Have you ever read Jack Kerouac?
An interesting author, not least because he was something of a hybrid creator, although he kept it secret during his lifetime.
On the Road is an unfolding panorama of America, crisscrossed by GIs just back from the total destruction of World War II, who must be suffering from post-traumatic stress disorder (although this term was not current in the late 1940s).
Sal, Dean and the other disjointed characters have a hard time finding their place in the economy of abundance. They cannot connect to anything for very long. These young men have a rage to write, create, defy conventions, explore, lose themselves, fuse with searing jazz performances in smoky bars.
They are subject to “routine paranoiac visions” brought on no doubt by booze and amphetamines. They want to have sex with every willing young woman, but actually getting to know women seems out of the question. There are no real female characters.
This is a novel about young men wandering along the knife-edge of existence, bumming like hobos, jumping freight trains, huddling around campfires, crossing a few states just to crash at someone’s place, scrounging a few dollars, stealing cars then racing them hard across the prairie.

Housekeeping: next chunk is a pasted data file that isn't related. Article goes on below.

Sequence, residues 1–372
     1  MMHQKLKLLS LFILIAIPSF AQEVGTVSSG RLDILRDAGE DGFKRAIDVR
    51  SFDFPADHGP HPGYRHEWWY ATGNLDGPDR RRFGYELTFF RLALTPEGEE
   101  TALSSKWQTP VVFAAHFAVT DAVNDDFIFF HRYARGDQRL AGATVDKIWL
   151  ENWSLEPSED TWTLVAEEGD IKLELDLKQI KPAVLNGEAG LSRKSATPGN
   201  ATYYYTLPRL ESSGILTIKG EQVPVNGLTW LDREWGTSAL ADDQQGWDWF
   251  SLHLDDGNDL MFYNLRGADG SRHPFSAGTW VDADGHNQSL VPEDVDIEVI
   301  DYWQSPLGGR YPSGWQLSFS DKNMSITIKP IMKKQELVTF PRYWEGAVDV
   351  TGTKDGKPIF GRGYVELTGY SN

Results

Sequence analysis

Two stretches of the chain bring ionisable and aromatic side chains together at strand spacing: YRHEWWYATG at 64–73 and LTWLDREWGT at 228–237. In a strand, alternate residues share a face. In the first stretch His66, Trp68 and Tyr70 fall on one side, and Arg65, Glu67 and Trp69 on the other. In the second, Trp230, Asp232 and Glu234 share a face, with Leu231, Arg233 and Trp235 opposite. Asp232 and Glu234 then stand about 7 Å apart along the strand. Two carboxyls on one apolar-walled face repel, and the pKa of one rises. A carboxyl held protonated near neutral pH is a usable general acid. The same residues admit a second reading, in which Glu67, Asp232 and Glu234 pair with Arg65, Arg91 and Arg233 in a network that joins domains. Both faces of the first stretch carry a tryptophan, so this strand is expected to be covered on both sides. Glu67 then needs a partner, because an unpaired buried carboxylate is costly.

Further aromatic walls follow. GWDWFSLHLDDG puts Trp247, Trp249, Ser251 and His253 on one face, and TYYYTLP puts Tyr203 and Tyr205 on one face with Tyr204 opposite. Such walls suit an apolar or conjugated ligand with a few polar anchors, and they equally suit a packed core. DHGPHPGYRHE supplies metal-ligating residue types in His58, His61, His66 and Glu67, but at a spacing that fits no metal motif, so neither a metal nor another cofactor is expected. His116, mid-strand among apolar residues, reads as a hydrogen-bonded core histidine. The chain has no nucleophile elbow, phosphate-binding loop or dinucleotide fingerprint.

Kerouac actually wrote Sur le chemin – the first draft of On the Road – in the broken colloquial phonetic French of his Franco-American childhood in Lowell, Massachusetts. Sur le chemin is a rough piece of writing, and reads more like a notebook than a novel. It was only revealed to the world in 2006, when the Kerouac archives were opened. Kerouac experiments with the French language in Sur le chemin. Although he may have initially thought the story out in French, then translated himself, his English is far stronger. Jean-Christophe Cloutier, a University of Pennsylvania professor who translated Sur le chemin into English for the Library of America, wrote me recently that Kerouac considered himself a French Canadian, although he was a US citizen.
I get the impression from Kerouac that the past is inaccessible, and the innocence of childhood is a sad, long-gone memory, lost somewhere in exile.
The present is a dark empty space – like in a film noir – a space full of anxiety and sadness. Sal, Dean and the others blunt their pain with alcohol, bennies and wild kicks. Whatever happens in the present is random, and in that unplanned randomness is a grim explosive kind of liberty.
As for the future, well, tragedy looms on the horizon, and will most likely catch up with the characters, no matter how hard they run.
There are no limits in the everything-or-nothing world of On the Road. From page to page, you keep wondering whether the characters are about to end up dead in a roadside ditch, as mud-spattered forgotten hobos.